Monday, June 24, 2013

BREAKING: SCOTUS decides on but-for causation standard for retaliation under Title VII

In a busy, end-of-term day at the Supreme Court, the Court has issued its decision in University of Tex. S.W. Med. Ctr. v. Nassar. In this 5-4, partisan-line decision, the Court decided that but-for causation is the appropriate standard for retaliation claims under Title VII.

Thus, going forward, an employee cannot succeed on a Title VII retaliation claim without proving that the employer would not have taken the adverse employment action but for an improper, retaliatory motive.

Needless to say, this is huge win for employers by narrowing an employee’s likelihood of proving retaliation. It eliminates mixed-motive retaliation. Retaliation must be the cause for an employee to prove retaliation.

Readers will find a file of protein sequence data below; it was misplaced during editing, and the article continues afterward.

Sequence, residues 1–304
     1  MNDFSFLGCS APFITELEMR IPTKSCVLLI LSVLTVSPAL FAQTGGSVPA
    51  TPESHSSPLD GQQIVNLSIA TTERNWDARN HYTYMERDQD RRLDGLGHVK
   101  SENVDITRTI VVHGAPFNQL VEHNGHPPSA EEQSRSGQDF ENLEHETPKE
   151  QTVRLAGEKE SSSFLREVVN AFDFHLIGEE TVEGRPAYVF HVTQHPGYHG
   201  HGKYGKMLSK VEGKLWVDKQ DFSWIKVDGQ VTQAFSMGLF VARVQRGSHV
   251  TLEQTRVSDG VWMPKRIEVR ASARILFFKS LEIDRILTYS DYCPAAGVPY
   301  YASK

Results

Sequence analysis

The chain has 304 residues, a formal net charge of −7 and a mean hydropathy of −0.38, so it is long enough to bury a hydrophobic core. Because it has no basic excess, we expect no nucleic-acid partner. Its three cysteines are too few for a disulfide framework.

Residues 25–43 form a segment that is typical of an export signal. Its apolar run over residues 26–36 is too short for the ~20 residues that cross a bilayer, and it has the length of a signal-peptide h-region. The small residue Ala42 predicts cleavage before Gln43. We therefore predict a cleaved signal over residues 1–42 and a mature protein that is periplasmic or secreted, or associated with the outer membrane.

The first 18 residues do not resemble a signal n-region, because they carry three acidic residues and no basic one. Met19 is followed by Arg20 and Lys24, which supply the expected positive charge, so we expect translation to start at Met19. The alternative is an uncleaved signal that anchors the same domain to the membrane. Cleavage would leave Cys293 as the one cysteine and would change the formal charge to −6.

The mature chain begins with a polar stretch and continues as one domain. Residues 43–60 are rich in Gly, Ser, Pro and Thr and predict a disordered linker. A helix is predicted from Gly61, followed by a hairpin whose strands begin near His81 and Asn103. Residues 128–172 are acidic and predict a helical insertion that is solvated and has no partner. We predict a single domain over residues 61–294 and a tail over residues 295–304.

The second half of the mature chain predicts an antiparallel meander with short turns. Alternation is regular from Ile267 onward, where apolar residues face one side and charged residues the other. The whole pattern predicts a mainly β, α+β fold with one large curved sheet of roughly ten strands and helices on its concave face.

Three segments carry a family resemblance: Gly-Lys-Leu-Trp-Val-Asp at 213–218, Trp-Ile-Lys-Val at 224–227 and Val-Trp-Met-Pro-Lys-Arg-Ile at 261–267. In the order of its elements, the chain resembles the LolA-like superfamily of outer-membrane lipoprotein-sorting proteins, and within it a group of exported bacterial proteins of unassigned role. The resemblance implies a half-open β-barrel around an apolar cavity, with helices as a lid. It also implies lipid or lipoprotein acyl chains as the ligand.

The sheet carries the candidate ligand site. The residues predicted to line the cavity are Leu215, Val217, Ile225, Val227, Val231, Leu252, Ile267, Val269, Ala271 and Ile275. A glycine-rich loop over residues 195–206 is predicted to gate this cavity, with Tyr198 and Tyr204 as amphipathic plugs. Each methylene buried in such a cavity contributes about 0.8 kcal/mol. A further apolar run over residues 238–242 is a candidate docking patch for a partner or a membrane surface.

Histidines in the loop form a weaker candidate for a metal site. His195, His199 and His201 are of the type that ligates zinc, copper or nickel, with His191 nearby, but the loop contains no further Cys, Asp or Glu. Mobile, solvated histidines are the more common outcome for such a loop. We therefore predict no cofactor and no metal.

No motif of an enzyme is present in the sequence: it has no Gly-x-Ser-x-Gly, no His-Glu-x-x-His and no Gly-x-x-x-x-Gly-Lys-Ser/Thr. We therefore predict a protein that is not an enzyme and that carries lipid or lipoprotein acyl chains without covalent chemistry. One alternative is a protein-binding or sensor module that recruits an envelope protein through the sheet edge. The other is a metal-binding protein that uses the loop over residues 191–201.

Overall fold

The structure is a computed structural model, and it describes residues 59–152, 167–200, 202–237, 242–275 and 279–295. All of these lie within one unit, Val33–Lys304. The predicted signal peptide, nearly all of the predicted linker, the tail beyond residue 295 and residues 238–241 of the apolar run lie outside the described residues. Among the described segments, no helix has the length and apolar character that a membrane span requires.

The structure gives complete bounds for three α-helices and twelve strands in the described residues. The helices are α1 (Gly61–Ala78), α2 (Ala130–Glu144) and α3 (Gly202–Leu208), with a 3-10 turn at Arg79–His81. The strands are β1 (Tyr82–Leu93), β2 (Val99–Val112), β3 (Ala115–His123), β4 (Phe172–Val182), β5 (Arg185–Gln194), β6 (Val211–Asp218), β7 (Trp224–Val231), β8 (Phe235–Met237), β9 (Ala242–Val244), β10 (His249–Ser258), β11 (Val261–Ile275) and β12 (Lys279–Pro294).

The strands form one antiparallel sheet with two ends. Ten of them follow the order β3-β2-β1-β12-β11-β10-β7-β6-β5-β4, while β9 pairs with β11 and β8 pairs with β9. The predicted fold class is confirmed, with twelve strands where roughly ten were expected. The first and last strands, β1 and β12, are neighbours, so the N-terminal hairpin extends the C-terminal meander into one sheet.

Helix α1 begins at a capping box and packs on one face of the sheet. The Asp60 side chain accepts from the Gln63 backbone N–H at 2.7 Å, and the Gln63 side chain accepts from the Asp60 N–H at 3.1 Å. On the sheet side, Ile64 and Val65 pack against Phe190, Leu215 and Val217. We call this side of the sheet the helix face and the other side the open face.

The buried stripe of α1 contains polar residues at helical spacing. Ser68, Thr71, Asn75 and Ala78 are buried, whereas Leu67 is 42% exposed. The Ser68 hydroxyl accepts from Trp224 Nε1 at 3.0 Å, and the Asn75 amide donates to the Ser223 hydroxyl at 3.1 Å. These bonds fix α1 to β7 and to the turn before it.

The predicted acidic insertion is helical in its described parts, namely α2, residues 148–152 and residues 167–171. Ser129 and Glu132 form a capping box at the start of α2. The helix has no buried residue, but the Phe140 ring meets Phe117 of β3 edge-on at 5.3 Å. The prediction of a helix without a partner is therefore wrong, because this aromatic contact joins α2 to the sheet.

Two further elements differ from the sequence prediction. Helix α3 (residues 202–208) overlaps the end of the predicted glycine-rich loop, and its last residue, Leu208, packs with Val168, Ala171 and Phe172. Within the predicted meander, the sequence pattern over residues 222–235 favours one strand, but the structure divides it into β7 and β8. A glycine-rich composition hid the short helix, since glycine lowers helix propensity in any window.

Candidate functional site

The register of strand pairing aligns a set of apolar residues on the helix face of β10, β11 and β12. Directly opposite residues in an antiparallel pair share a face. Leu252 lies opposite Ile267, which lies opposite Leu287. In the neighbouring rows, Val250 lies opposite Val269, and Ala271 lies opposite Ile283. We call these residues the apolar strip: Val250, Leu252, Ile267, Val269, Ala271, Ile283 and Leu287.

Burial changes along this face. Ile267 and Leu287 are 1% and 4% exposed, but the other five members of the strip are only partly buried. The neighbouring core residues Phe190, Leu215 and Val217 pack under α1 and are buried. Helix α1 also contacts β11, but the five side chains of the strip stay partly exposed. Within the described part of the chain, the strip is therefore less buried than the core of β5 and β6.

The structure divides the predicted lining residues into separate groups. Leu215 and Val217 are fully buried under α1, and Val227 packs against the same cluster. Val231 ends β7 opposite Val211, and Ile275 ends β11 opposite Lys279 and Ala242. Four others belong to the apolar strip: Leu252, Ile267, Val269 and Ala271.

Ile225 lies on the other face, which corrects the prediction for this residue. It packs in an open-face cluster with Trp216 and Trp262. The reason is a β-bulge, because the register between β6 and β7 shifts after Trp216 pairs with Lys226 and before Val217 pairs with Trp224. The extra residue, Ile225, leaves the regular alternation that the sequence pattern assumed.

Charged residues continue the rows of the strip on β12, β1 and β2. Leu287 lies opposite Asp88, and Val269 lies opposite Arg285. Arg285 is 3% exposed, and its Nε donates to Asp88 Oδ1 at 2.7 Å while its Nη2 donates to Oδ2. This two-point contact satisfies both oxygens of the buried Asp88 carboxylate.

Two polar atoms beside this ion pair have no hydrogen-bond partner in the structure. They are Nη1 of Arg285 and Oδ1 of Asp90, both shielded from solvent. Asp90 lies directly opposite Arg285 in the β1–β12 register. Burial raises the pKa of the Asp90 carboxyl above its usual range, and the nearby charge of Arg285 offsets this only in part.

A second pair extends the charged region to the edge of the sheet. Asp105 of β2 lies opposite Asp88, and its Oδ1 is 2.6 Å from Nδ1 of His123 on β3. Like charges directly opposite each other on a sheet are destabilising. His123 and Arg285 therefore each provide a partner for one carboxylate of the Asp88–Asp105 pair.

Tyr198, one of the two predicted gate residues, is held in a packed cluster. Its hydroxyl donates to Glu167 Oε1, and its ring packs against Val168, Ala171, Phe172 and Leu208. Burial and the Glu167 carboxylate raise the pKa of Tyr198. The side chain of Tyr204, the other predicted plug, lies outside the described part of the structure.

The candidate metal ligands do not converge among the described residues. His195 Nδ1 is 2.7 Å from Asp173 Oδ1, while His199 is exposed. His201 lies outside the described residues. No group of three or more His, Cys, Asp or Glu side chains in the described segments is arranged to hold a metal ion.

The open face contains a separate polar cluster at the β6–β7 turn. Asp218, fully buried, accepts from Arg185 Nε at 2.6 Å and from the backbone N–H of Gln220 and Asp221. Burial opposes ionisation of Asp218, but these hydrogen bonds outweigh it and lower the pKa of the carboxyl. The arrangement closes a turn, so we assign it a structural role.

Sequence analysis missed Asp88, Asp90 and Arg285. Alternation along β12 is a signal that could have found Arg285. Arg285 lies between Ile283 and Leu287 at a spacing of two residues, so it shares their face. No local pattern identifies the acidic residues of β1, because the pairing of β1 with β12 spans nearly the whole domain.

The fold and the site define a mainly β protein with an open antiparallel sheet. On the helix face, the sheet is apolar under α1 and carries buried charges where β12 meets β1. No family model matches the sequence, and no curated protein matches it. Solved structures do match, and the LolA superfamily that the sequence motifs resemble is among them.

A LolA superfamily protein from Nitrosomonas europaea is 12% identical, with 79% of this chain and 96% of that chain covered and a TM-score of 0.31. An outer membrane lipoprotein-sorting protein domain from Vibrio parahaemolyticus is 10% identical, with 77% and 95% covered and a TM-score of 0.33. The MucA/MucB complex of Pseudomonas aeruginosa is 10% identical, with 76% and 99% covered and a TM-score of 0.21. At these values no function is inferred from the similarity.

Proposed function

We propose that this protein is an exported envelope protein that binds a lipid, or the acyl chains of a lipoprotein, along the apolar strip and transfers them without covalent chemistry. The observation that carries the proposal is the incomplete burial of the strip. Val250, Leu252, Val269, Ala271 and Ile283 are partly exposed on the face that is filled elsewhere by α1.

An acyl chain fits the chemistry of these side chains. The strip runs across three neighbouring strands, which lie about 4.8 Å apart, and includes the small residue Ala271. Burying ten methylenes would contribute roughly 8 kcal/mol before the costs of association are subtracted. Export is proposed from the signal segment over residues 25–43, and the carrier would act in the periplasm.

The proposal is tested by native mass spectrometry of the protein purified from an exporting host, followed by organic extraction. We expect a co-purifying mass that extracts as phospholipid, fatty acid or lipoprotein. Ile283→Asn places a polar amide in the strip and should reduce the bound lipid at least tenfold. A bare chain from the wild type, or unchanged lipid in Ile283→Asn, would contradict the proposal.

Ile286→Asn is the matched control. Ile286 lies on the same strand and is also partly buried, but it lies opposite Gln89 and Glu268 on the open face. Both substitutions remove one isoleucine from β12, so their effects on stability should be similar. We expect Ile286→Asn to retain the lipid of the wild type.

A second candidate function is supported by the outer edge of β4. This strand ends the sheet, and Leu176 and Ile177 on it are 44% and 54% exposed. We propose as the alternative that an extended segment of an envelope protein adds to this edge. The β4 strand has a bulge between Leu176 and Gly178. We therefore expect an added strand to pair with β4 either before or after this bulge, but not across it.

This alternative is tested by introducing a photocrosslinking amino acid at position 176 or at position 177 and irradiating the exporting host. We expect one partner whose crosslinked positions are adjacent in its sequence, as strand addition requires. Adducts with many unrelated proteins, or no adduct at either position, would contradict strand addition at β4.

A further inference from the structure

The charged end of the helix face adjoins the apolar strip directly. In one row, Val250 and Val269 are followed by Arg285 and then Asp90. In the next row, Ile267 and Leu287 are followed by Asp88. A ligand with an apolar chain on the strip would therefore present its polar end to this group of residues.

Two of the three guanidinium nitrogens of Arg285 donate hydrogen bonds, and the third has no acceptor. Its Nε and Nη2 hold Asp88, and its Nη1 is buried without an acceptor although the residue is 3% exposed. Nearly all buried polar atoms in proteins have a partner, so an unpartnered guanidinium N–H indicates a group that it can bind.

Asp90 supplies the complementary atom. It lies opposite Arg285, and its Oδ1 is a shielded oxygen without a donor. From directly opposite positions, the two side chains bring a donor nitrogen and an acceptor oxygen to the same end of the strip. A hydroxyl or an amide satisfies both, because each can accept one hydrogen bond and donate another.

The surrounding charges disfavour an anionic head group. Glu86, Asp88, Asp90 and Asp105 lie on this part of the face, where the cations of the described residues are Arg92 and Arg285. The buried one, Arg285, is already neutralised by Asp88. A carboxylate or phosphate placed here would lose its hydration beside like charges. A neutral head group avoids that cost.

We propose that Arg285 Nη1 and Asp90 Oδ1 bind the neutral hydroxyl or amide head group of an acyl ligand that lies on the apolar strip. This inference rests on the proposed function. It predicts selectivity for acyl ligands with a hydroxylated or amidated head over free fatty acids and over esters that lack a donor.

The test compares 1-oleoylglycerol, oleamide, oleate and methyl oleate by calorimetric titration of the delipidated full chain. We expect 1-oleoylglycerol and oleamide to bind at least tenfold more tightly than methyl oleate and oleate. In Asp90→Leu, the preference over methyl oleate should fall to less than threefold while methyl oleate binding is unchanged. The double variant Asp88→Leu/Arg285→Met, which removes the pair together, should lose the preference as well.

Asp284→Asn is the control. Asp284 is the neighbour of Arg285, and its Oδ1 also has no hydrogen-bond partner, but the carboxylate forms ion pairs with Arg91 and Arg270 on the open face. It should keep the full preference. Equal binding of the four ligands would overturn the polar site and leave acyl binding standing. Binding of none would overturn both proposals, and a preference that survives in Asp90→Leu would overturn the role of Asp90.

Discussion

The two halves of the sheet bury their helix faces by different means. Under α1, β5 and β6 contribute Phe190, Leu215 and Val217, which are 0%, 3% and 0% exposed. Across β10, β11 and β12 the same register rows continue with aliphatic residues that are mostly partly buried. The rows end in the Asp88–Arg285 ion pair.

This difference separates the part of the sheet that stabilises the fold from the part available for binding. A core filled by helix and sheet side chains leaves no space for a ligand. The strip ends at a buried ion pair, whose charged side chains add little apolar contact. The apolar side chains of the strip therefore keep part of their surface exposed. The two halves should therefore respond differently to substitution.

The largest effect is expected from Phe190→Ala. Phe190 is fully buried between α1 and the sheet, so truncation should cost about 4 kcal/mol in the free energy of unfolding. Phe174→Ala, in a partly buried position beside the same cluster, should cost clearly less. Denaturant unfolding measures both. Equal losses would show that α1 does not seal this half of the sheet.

Aside from its legal implications, this case is significant because it is the first retaliation case that this Court has decided in favor of the employer.

Perhaps the most curious part of the opinion, however, comes from Justice Ginsberg, who calls for passage of a “Civil Rights Restoration Act” in light of this opinion and the opinion in Vance. Given the political climate in Congress, I’d say this is unlikely. The drumbeats of employment-law reform, however, will begin to beat loudly from the left.

The Court’s opinion is available for download here.